Special GINA Employment Alert
The EEOC recently issued final regulations, effective January 10, 2011, to implement the Genetic Information Non-Discrimination Act of 2008 (“GINA”). The EEOC regulations expand upon and clarify the statute.
What It Is
GINA applies to employers with 15 or more employees, and prohibits employers from discriminating, harassing or retaliating against employees based on genetic information, in addition to prohibiting employers from acquiring genetic information, except in limited circumstances. Prohibiting the acquisition, use and disclosure of genetic information, GINA also impacts more routine matters, such as how employers ask for medical information relating to employees and their family members.
What It Does
Employer procedures are affected in two important ways. First, employers who use company physicians must give notice to those physicians prohibiting them from collecting genetic information about employees. Second, the final regulations create a “safe harbor” provision that protects employers from violating the law if they accidentally acquire protected information in connection with a health-related inquiry to an employee or an employee’s health care provider, so long as the employer notifies the health care provider that such information should not be provided to the employer. The regulations provide specific language for employers to use when giving the “safe harbor” notice. This language should be included in Employee Handbooks and separately provided to employees when they are required to provide a medical certification.
What You Should Do
- Incorporate GINA into internal discrimination, harassment and retaliation policies.
- Train supervisors concerning GINA’s stringent prohibitions against acquiring genetic information.
- Add GINA’s safe harbor model language to all requests for medical information from health care professionals. For example, the language can be provided as an addendum on a separate sheet of paper to an employee who is seeking Family and Medical Leave Act (FMLA) time off for his or her own condition. The EEOC is not suggesting changing the FMLA model certification forms themselves. The safe harbor language reads as follows:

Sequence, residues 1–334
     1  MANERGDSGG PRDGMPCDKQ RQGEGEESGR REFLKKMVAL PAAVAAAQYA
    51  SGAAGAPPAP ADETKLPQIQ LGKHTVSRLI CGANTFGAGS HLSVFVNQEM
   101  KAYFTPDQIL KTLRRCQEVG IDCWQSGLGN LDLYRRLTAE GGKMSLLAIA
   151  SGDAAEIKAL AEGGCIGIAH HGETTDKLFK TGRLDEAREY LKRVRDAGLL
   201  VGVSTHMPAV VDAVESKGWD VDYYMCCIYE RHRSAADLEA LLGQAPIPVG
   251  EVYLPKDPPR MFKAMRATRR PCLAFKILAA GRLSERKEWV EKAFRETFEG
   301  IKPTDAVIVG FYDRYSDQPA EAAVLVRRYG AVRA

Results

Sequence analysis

“GINA prohibits employers and other entities covered by GINA Title II from requesting or requiring genetic information of employees or their family members. In order to comply with this law, we are asking that you not provide any genetic information when responding to this request for medical information. “Genetic information,” as defined by GINA, includes an individual’s family medical history, the results of an individual’s or family member’s genetic tests, the fact that an individual or an individual’s family member sought or received genetic services, and genetic information of a fetus carried by an individual or an individual’s family member or an embryo lawfully held by an individual or family member receiving assistive reproductive services.”
- Ensure that any lawfully obtained genetic information is treated as confidential in a file maintained separately from the employee’s personnel file.
The Good News
The EEOC has recognized that a health care provider might reveal prohibited genetic information responding to an employer’s legitimate request for personal or family medical information. Such situations can arise in connection with an employee’s request under the FMLA or similar state law, or under the employer’s leave policy, to take time off because of the employee’s serious health condition or to care for a family member. The EEOC’s safe harbor language with respect to genetic information quoted above is broad enough to cover both situations. The EEOC has also recognized that a supervisor might inadvertently learn of prohibited genetic information by overhearing a conversation among employees or because an employee reveals it in a casual conversation with the supervisor. So long as the supervisor has not probed for such information or intentionally eavesdropped on a conversation between others, there will be no violation of GINA by reason of the supervisor learning of genetic information in those circumstances.
For More Information
If you have any questions, please contact the Stevens & Lee attorney with whom you routinely work.
This News Alert has been prepared for informational purposes only and should not be construed as, and does not constitute, legal advice on any specific matter. For more information, please see the disclaimer.